Sound cool? It certainly can be. After all, divisional organizational structure takes the idea of specialization one step further, with entire miniature organizations specialized for individual offerings or markets. But the divisional structure may not be for everyone. Divisional organization is best suited for larger businesses with wide target audiences, that sell a range of customer-facing products, and/or are spread across multiple geographic areas. Alternatively, companies that work with high-value clients may benefit from assigning separate divisions to specific accounts.
Divisional structure is built on the idea that one-size-fits-all doesn’t always fit, so some operations require strategies beyond traditional corporate structures to do their best work. Key divisional strategies include:
Product departmentalization organizes divisions based on the products (as you might have assumed), with all activities related to the product or service under the direct authority of one manager.
For example, a software developer might apply product departmentalization to assign one division control over office-related applications, establish another division to handle home software, and create yet another for mobile apps. Each division would have its own IT, marketing, sales, and specialists on hand, rather than having to go outside the division.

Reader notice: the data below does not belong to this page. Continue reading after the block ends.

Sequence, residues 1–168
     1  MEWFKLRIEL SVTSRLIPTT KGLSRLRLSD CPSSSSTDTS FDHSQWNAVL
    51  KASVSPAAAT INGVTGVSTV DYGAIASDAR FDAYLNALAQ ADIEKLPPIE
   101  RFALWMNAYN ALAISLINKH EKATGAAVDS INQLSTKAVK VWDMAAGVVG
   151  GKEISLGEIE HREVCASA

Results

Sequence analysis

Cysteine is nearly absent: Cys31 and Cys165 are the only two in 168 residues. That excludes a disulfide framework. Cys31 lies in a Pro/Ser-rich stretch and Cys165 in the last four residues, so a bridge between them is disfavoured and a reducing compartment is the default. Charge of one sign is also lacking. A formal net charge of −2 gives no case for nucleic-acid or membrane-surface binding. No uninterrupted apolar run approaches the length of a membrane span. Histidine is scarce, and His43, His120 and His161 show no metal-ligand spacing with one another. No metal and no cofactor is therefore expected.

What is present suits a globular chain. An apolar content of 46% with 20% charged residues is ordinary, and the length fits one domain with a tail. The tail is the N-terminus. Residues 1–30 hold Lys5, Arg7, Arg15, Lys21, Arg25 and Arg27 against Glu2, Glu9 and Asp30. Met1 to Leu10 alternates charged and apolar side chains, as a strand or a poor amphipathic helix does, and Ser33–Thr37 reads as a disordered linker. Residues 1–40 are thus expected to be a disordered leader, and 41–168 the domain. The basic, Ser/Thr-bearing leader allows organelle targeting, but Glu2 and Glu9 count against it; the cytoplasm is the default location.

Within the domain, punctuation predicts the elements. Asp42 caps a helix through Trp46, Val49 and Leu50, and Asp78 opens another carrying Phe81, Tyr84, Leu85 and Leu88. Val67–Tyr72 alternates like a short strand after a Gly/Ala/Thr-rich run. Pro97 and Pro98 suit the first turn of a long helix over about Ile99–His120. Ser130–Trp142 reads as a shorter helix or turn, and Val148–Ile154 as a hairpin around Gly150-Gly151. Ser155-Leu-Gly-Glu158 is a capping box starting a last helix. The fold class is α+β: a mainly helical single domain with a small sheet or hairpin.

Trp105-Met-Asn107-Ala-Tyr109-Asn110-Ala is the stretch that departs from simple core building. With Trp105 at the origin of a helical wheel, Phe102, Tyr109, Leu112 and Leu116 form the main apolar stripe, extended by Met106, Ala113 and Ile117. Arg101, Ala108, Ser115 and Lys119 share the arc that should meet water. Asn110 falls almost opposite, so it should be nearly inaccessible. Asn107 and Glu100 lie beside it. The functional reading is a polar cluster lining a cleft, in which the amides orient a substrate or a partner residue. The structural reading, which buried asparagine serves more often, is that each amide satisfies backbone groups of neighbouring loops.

Geographic departmentalization is based on the physical location of divisions within the organization. This allows companies to address regional differences (such as consumer demand or regional preferences) directly — this can be invaluable for global corporations.
So, if you have a huge multinational beverage corporation, for example, (let’s call it Coca-Cola), dividing into continental divisions makes it possible to create marketing campaigns, product offerings, and advertisements tailored to each region.
Benefits of Using a Divisional Structure